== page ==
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What are the Most Common Menopause Symptoms?

Article Details
  • Written By: Nicole Long
  • Edited By: Allegra J. Lingo
  • Last Modified Date: 21 October 2018
  • Copyright Protected:
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    Conjecture Corporation
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Menopause represents the end of the fertile period for a woman. Doctors make a diagnosis of menopause once a woman goes without a menstrual period for 12 months. Common menopause symptoms include irregular periods, vaginal dryness, hot flashes, mood swings, and other symptoms which can have an impact on daily life.

Several circumstances can set menopause in motion. The most common reason for the appearance of menopause symptoms is aging. This is because of the natural decline in the production of the hormones estrogen and progesterone. Other possible causes include a hysterectomy, chemotherapy, and radiation treatments.

While menopause is defined as going without a period for at least 12 months, menopause symptoms typically appear prior to that. The period leading up to menopause is called perimenopause. Once menopause has commenced, the period afterwards is referred to as postmenopause.

Perimenopause is the stage preceding menopause when most women will begin to experience some of the common menopause symptoms. These signs and symptoms are commonly referred to as menopausal symptoms, even though they occur prior to menopause. This period of time can last several years. During this time a woman is still fertile and menstruates.

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Hot flashes are perhaps the most well-known sign of impending menopause. They can start many years before the other signs and symptoms of menopause emerge. Often interrupting sleep, hot flashes can occur at any time and last up to several minutes. Women often experience perspiration and flushing in the head, neck, and chest areas during and immediately following hot flashes.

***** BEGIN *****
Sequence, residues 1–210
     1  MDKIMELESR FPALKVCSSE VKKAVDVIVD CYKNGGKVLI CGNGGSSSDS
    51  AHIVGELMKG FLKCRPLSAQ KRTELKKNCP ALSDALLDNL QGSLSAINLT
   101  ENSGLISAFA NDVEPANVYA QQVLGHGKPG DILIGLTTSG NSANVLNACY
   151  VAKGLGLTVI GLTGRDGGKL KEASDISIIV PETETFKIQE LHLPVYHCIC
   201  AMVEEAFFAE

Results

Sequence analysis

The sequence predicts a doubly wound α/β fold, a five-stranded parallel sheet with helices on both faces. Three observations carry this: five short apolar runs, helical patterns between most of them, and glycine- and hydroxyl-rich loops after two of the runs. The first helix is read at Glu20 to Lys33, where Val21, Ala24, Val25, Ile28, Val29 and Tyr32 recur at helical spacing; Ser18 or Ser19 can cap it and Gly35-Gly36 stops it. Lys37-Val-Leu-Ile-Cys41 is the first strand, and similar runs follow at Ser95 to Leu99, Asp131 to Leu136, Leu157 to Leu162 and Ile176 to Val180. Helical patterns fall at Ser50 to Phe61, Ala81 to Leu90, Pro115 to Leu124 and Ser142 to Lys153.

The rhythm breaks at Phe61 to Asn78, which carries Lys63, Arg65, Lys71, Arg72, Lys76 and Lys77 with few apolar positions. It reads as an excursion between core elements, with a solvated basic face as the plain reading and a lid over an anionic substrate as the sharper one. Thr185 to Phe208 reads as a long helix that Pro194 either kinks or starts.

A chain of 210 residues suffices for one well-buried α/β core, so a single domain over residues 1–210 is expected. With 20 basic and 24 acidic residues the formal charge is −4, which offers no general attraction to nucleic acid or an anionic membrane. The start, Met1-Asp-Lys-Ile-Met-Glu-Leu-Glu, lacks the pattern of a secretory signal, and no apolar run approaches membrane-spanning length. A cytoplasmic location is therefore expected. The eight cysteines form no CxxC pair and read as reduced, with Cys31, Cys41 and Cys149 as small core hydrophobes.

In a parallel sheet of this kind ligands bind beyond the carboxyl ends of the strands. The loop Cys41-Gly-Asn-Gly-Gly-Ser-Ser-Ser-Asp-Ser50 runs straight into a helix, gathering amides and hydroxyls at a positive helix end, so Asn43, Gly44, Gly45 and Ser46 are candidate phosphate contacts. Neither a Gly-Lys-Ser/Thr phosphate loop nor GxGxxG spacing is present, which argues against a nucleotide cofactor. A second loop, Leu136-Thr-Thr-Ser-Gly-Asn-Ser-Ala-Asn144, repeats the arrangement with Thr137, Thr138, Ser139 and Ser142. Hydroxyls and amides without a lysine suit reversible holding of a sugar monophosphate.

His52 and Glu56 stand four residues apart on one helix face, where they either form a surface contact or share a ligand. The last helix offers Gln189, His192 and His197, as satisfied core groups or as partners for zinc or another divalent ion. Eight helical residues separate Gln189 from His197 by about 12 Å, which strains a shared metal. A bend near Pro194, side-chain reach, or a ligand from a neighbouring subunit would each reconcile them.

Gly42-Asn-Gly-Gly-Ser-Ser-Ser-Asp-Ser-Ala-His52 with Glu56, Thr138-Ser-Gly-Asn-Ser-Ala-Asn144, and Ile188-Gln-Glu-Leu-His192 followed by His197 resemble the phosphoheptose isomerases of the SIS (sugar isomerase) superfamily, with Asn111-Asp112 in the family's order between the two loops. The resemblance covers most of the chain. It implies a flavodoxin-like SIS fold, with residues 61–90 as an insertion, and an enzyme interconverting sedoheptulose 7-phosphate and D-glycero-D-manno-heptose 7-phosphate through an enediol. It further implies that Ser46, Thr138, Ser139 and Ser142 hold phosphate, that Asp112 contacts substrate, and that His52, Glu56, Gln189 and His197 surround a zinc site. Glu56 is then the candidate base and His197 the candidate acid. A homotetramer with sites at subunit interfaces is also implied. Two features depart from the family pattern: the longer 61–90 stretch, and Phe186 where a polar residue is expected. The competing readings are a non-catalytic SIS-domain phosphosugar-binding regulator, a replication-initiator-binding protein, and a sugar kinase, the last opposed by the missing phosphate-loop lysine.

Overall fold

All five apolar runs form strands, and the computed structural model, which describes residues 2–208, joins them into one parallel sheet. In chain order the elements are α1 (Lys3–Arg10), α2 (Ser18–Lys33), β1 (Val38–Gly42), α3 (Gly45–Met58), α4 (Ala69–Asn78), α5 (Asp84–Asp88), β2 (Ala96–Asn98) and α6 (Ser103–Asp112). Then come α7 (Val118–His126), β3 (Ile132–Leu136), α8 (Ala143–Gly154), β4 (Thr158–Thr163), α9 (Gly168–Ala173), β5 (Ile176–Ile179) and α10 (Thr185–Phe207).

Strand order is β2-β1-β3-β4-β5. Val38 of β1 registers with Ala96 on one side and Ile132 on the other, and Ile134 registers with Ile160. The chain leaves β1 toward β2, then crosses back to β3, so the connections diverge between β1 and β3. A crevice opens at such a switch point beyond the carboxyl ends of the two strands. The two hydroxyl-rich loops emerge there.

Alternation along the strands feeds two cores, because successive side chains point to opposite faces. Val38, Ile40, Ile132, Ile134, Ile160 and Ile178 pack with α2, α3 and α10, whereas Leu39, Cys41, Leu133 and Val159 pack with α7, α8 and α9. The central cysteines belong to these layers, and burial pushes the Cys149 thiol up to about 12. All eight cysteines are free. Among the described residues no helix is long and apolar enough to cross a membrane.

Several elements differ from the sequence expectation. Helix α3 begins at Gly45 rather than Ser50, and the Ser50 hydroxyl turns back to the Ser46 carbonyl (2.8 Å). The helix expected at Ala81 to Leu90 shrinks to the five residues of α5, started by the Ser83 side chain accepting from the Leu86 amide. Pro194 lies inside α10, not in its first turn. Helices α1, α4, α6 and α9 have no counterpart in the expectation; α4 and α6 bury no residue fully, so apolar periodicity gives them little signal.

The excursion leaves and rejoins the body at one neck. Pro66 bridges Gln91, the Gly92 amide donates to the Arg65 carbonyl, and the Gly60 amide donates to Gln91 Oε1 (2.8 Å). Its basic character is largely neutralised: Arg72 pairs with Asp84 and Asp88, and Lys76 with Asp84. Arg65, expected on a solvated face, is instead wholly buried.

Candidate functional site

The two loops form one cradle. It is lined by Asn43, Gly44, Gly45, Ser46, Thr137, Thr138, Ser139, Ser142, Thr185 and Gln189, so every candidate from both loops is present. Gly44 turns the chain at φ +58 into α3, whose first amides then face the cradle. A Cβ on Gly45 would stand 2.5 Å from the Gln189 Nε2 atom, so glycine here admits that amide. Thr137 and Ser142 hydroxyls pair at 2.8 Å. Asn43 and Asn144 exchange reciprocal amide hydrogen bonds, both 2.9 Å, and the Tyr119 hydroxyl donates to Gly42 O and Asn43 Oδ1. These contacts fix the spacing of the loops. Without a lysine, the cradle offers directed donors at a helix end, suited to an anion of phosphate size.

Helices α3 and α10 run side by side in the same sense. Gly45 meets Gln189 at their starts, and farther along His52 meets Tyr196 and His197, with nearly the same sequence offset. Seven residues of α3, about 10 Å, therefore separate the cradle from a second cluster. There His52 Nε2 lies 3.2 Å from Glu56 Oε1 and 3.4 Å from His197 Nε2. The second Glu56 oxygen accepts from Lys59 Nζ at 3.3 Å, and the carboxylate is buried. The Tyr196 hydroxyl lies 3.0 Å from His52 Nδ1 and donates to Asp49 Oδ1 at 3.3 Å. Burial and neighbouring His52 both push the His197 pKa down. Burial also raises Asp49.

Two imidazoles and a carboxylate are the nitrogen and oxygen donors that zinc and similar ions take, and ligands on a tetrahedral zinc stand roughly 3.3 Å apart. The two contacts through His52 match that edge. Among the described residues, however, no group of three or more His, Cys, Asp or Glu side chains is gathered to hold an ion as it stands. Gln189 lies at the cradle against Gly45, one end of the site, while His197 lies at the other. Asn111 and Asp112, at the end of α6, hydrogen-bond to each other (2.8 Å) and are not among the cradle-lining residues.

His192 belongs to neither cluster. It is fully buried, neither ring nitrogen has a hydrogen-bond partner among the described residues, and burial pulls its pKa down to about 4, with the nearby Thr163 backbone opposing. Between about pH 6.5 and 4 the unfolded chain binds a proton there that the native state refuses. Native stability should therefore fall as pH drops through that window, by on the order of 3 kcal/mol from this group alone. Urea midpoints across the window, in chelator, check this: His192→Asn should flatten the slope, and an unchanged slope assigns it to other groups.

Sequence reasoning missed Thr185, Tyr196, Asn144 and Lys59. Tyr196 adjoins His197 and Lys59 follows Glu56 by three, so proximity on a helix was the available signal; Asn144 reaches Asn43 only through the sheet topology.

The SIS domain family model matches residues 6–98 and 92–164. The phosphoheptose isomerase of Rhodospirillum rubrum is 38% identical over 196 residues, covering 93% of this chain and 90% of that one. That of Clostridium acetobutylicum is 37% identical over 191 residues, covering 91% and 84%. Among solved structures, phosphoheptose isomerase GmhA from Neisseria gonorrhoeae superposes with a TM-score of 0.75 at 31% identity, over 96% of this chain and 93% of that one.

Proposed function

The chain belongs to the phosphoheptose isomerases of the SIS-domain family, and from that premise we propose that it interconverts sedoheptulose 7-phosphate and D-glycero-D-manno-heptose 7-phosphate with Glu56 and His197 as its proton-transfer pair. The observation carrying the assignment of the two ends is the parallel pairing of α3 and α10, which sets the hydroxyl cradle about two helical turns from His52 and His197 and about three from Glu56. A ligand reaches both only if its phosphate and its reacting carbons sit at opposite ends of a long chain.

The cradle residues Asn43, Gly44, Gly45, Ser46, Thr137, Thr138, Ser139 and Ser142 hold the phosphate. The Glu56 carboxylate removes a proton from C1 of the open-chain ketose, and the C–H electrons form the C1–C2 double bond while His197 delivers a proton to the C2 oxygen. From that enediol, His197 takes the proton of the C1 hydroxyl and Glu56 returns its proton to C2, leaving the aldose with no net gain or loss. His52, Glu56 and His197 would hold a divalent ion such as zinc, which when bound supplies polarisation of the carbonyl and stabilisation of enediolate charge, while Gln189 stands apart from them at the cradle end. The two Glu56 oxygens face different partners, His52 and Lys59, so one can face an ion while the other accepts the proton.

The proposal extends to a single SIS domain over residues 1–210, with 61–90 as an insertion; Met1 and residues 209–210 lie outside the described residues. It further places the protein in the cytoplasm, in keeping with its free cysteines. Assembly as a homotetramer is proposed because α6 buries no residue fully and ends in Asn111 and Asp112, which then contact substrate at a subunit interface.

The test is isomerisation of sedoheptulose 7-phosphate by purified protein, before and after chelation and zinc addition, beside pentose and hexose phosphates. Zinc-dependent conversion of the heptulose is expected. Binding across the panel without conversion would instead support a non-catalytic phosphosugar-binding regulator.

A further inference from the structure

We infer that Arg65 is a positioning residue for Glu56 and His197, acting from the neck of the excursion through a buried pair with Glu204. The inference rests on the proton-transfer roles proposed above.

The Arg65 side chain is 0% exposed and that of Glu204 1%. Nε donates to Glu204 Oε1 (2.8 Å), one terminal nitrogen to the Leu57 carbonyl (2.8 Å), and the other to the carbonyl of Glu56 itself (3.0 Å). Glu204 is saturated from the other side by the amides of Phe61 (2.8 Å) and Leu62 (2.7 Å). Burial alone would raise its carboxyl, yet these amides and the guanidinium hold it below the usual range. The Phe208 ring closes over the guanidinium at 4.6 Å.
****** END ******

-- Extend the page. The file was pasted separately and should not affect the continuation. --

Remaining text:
Because of the fluctuation in hormones, a woman approaching menopause may find they have irregular periods. Periods of menstruation may be heavier or lighter than usual, and occur less frequently. Menstruation ceases permanently once a woman’s body stops producing eggs. At this point, a woman becomes infertile.

While the exact cause is unknown, many women may experience a host of mental problems in conjunction with other menopause symptoms. This includes memory problems, irritability, and mood swings. Lack of sleep because of hot flashes may be a contributing factor to emotional and mental changes.

There are a number of other changes a woman may notice as they approach menopause. Menopausal women may experience vaginal dryness, increased abdominal fat, and loss of breast fullness. Thinning hair is another possible sign of menopause.

Treatment for menopause is not medically necessary. Some women may prefer to seek treatment for relief of individual symptoms. This can include hormone therapy, antidepressants, and vaginal creams.

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